Time for another round of Bookshelf Traveling in Insane Times which was created by Judith at Reader in the Wilderness and now hosted by Katrina at Pining for the West, on opposite sides of the Atlantic. The idea is to share one (or three) of your neglected bookshelves or perhaps another pile of books.
|Three shelves of Patricia Wentworth!|
This is a quick post (or was meant to be) because it is the first weekend of the semester, which means homework in my two classes, Collection Development and Library Management. And although I was planning to take next week off, I have an overdue grant that must be finished before I can take any vacation from work. But I swear by Tuesday I will have turned off my alarm and will be sleeping late or reading in the hammock instead of trying to motivate my department from dawn to dusk. Six months of working from home has been challenging for everyone, and those with children are especially worried about today’s news that Boston schools will both delay the start and conduct classes remotely.
Given I am not a big fan of cozy mysteries, why do I like these books? Well, I like the tropes of mid-20th century English crime fiction: the orphan heiresses with jealous relatives, the missing wills, a rich individual terrorizing family members by threatening their inheritance, the house parties where someone is murdered, plucky young people trying to make a living by taking jobs that sound much better than they turn out (story of my life), the worried clients who are afraid to confide in the unassuming ex-governess but find themselves unburdening themselves, the characters who overlook Miss Silver and accidentally reveal too much, the loyal heroines and self-sacrificing heroes, and the way order is always restored at the end. That said, some are definitely better than others. Here are a few of my favorites:
Anne Belinda (1927) - Anne Belinda has disappeared, and every time John Waveney mentions her name there is an ominous silence. He doesn’t know if she wants to be found but he feels compelled to try because of an encounter they had before the war. This is a standalone without Miss Silver.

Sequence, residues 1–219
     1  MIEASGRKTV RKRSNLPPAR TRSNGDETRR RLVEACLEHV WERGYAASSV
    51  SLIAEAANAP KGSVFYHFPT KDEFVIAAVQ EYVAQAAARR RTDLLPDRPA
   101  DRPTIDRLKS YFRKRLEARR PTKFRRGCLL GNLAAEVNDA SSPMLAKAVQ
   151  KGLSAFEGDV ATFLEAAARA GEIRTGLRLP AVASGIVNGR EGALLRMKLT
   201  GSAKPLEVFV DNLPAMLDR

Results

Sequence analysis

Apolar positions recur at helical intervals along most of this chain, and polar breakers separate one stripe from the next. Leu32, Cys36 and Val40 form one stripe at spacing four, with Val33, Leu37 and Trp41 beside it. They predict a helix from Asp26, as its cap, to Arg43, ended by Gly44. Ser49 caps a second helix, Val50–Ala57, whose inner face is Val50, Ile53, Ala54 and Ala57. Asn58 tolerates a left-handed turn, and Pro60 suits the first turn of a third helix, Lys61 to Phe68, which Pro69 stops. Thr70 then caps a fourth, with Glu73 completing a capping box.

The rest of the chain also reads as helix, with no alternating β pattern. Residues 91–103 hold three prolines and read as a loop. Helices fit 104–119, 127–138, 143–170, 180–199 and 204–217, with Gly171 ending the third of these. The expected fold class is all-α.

Fool Errant (1929) – this is a Benbow Smith book, first in a four-book series with an espionage theme. The hero is down on his luck and accepts a job that is too good to be true – and leads to murder.
Grey Mask (1928) - is the first Miss Silver book, so is obviously the best place to start! You know I don’t approve of starting mid-series although with Wentworth it used to be you had to start with whatever book you were lucky enough to find! Like several of her books, a key element of the story is something that happens in the dark or out of sight. Here, Charles Moray overhears something about a murder at sea, inheritance, ad missing documents, and when a murder takes place, he feels compelled to follow up – with help from Miss Silver.
Silence in Court (1947) – When Carey Silence is left penniless, she is grateful to be invited to stay with a rich old friend of her grandmother’s, at her London home. But when Honoria is killed, Carey is the primary suspect, with few defenders and no Miss Silver in this one.
Through the Wall (1950) – When Martin Brand makes a will leaving everything to a niece he barely knows, Marian learns to claim her legacy she will have to share the divided house with relatives who resent her. Miss Silver will have to be summoned to save the day.
The Wicked Uncle / aka Spotlight (1947) – a classic and chilling story! Gregory Porlock invites all his blackmail victims to dinner, and when he's stabbed to death, the police find all the guests had both motive and opportunity. The police need help (as they often do) from Miss Silver to solve this one (I have an extra copy if anyone would like it).
The first Wentworth I read was She Came Back (1945) with this exact cover, an impersonation story lent to my sister by a junior high friend (coincidentally, we ran into her friend in March at a production of Newsies featuring her niece and our nephew, after not seeing her since the 80s!) But I don’t think I started reading Wentworth seriously until the 90s when various publishers started reprinting her books. As I look at my shelves, I see Warner, Bantam, Pyramid mass market edition, then Harper issued many of the Miss Silver books in quality trade paper editions. Lippincott was her American publisher and I paid more for than I should have for several hardcovers, and on the bottom shelf you can see eight bulky photocopies of books that were long out of print and impossible to find (once I called a library that had so generously sent me an ILL and explained that the book was too valuable to be loaned (to anyone but me) but whoever answered the phone didn’t take me seriously). That was before Dean Street Press started publishing Wentworth’s mystery backlist a few years ago. I’ve bought two but whenever I am about to buy more, I get distracted by another Dean Street Press or new Furrowed Middlebrow book.
Many are available on Kindle or on Project Gutenberg but try to support Dean Street’s reprints if you can or ask your library to purchase them. I have read a few recently via Hoopla as well. If you read Patricia Wentworth, do you have a favorite?
These shelves are beloved but have definitely been neglected recently. It is several years since I have reviewed any of her books. See my other Wentworth reviews: